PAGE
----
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The multicellular nature of plants requires that cells should communicate in order to coordinate essential functions. This is achieved in part by molecular flux through pores in the cell wall, called plasmodesmata. We describe the proteomic analysis of plasmodesmata purified from the walls of Arabidopsis suspension cells. Isolated plasmodesmata were seen as membrane-rich structures largely devoid of immunoreactive markers for the plasma membrane, endoplasmic reticulum and cytoplasmic components. Using nano-liquid chromatography and an Orbitrap ion-trap tandem mass spectrometer, 1341 proteins were identified. We refer to this list as the plasmodesmata- or PD-proteome. Relative to other cell wall proteomes, the PD-proteome is depleted in wall proteins and enriched for membrane proteins, but still has a significant number (35%) of putative cytoplasmic contaminants, probably reflecting the sensitivity of the proteomic detection system. To validate the PD-proteome we searched for known plasmodesmal proteins and used molecular and cell biological techniques to identify novel putative plasmodesmal proteins from a small subset of candidates. The PD-proteome contained known plasmodesmal proteins and some inferred plasmodesmal proteins, based upon sequence or functional homology with examples identified in different plant systems. Many of these had a membrane association reflecting the membranous nature of isolated structures. Exploiting this connection we analysed a sample of the abundant receptor-like class of membrane proteins and a small random selection of other membrane proteins for their ability to target plasmodesmata as fluorescently-tagged fusion proteins. From 15 candidates we identified three receptor-like kinases, a tetraspanin and a protein of unknown function as novel potential plasmodesmal proteins. Together with published work, these data suggest that the membranous elements in plasmodesmata may be rich in receptor-like functions, and they validate the content of the PD-proteome as a valuable resource for the further uncovering of the structure and function of plasmodesmata as key components in cell-to-cell communication in plants.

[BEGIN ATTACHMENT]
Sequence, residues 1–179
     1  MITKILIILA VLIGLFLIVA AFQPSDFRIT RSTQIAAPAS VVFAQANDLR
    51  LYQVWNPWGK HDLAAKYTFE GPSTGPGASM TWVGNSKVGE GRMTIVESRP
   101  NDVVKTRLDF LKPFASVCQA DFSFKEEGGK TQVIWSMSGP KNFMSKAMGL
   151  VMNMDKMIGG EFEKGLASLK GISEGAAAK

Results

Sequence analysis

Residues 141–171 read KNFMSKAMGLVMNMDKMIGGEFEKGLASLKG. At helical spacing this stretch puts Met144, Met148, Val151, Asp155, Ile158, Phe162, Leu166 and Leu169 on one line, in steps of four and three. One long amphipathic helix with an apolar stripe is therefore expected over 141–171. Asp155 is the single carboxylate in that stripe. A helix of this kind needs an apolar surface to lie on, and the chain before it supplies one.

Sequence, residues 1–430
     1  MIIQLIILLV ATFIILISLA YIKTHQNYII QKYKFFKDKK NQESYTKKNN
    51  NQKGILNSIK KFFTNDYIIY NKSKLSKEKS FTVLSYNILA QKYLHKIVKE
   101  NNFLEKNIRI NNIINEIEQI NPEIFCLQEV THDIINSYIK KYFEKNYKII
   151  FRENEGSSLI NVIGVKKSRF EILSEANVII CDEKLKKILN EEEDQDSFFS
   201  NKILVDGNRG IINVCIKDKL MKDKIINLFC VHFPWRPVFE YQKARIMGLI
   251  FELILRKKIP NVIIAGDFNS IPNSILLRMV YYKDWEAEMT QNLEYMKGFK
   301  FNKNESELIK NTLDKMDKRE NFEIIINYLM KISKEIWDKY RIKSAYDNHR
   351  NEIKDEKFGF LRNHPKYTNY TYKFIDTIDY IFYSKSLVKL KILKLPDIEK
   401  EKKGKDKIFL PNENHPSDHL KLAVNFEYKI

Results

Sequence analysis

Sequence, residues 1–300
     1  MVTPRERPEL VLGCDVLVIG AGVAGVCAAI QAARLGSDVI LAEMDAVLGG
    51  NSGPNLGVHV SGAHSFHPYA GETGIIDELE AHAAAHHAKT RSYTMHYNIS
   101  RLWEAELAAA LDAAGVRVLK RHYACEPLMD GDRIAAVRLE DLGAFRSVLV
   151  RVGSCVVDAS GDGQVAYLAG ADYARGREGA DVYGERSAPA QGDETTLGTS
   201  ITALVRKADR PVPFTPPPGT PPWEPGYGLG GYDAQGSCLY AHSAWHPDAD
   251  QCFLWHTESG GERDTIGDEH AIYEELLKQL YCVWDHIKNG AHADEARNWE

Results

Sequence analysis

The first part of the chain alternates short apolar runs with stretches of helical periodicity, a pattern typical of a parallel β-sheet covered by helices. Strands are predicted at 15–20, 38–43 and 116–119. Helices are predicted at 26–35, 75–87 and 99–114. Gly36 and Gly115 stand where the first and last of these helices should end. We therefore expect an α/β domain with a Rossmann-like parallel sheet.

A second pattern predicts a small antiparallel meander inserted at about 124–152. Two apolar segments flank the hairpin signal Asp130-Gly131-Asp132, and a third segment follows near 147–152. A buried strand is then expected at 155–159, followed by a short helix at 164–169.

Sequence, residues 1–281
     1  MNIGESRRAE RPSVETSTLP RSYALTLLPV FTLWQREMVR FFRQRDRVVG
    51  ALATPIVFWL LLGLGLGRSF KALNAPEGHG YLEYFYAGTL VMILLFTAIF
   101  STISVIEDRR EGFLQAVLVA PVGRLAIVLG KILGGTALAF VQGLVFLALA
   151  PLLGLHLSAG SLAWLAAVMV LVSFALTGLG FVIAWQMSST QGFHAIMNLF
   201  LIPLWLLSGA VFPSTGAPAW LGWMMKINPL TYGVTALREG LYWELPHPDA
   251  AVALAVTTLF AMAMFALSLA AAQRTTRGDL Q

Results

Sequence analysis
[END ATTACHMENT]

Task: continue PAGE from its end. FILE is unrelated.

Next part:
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Questionnaire of executive function for dancers: an ecological approach.
Assessment
PUBLISHED: 01-24-2011